Does Whiskey Go Bad? How Long Does It Last?

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Ever found a bottle of whiskey hiding at the back of the liquor cabinet and wondered if it gets better with age or if it should be tossed? Is whiskey like a fine wine that gets better over time or can it go bad?

Left sealed in the dark, whiskey and hard liquors can last for years. The high alcohol content in liquors that have been reduced via distillation protects them from molds and bacterium that will destroy the product once the bottle has been sealed.

However, unlike wine, whiskey doesn’t get ‘better’ with age once bottled, and over time will undergo changes to the flavor, particularly once opened.

Whiskey Shelf Life

All whiskey varieties – including regular, rye, bourbon, scotch, and the famous Jack Daniels – have an almost indefinite shelf life when stored correctly, but there are things to consider for both opened and unopened bottles.

  • Unopened Bottles – When stored correctly, your whiskey can last at least 10 years – probably a lot longer – before there are noticeable changes to the taste or quality. Bear in mind that whiskey can still evaporate through the cork, so may start to decrease in volume even when still sealed.
  • Opened Bottles – An opened bottle of whiskey has a shelf life of anywhere from six months to two years. As the amount of liquid decreases, the amount of air increases, speeding up oxidation and changing the flavor of the whiskey.
glass of whiskey

If there is around half a bottle remaining, you should drink it within six months. If there is a quarter or less left, finish it up within three months.

How To Tell If Whiskey Has Gone Bad

Although whiskey does change over time, whiskey doesn’t go bad. Many whiskey connoisseurs actually enjoy the subtle alterations to taste and aroma that occur as whiskey gets “tired.”

Once opened, whiskey begins to evaporate. Because alcohol evaporates more quickly than water, you may lose some of the alcoholic kick, which results in a smoother more mellow drink.

The changes that happen when air reacts with whiskey are unpredictable – sometimes the whiskey may improve, and other times it may become unpalatable.

The lower the level of whiskey remaining, the faster the changes occur. Here are some things that may indicate your whiskey is over the hill.

  1. Check the color – As some of the watery components evaporate, whiskey may become darker and slightly syrupy. If it’s lighter in color, this may indicate it has been exposed to too much sunlight.
  2. Taste it – if it is less strong than you’re used to, with noticeable changes in flavor, it is likely old. However, it will be perfectly safe to drink if you still find it to your liking.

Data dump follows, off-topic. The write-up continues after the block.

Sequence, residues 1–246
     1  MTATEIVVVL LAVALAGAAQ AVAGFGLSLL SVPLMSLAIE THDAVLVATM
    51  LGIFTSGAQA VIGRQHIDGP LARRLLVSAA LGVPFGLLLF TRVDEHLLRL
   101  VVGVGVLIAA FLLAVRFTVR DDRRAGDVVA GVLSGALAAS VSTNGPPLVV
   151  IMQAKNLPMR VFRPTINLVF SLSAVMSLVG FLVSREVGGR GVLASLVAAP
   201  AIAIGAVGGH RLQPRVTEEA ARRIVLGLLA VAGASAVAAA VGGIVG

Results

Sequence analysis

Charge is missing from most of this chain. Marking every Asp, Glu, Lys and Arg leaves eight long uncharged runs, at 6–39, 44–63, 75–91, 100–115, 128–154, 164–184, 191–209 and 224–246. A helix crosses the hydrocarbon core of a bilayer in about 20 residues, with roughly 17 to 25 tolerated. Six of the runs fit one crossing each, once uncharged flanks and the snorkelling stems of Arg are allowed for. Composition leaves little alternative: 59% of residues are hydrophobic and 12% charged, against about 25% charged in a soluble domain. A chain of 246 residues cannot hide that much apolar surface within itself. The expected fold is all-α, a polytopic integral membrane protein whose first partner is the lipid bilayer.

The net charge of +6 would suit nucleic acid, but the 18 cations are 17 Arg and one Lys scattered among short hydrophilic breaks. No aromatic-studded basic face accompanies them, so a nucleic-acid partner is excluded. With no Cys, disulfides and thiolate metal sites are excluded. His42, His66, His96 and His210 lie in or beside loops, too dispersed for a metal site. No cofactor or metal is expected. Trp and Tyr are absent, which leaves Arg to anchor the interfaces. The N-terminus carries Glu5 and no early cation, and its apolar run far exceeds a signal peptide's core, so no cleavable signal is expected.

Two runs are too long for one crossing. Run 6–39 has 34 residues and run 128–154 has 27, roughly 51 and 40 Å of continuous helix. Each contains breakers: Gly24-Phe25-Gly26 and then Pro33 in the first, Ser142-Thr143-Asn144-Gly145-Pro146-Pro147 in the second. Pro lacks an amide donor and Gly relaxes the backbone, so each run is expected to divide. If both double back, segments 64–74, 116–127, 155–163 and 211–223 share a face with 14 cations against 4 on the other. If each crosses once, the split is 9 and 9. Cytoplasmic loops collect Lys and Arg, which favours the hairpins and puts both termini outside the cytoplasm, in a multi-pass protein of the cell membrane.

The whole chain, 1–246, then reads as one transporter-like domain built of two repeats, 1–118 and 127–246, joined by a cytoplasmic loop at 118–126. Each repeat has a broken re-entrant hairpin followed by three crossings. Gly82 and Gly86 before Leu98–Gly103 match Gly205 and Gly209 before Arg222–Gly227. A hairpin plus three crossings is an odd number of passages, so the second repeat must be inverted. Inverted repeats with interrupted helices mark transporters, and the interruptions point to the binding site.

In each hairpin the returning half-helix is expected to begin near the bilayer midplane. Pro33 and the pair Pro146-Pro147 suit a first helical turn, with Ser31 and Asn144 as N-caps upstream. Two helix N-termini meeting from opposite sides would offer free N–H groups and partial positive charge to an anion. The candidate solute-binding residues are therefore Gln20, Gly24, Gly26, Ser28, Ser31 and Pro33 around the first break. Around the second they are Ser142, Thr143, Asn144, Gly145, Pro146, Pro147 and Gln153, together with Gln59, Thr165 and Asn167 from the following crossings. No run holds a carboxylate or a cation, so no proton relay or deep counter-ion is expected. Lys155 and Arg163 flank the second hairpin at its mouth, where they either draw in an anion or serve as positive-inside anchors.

Can Old Whiskey Make You Sick?

Whiskey that has become oxidized is not unsafe to drink. It may taste and smell a bit different than normal, but there is no danger in consuming whiskey that is past its best.

How To Store Whiskey

Alcohol has two consistent enemies: Light and air. If your bottle of whiskey is left sealed and kept in darkness, it will last almost indefinitely.

Exposure to sunlight is a big no-no. The UV rays will fade out the color of the whiskey, as well as accelerating its natural decline.

Be aware that corked whiskey, unlike wine, should never be stored on its side. Whiskey corks do not seal as tightly as wine corks and whiskey can and will evaporate or leak through the cork over time.

If your whiskey has a screw cap, make sure you regularly give it a check and retighten the cap, as screw caps can loosen on their own.

After opening, you can protect your whiskey from light by keeping the liquor cabinet closed. Even protected from light, an already opened bottle will suffer from some air exposure, allowing for oxidation, which will alter the flavor of your whiskey.

If you dislike the flavor of oxidized whiskey but would like to store it for a longer period, you can pour it into smaller bottles once opened. This reduces the amount of air inside and helps the whiskey stay good for longer.

Whiskey lasts best at temperatures a bit cooler than room temperature – about 60-67 F – but at a pinch, room temperature storage will suffice. Avoid any temperature extremes or sudden changes in temperature.

Written By Tara Williams

Tara is a food writer that has been editing and authoring articles for KitchenSanity since its founding. Her writing offers personal experience from experimentation with food and recipe creation. If you’re looking for simple tips, she will make your journey in the kitchen straightforward with a dash of fun.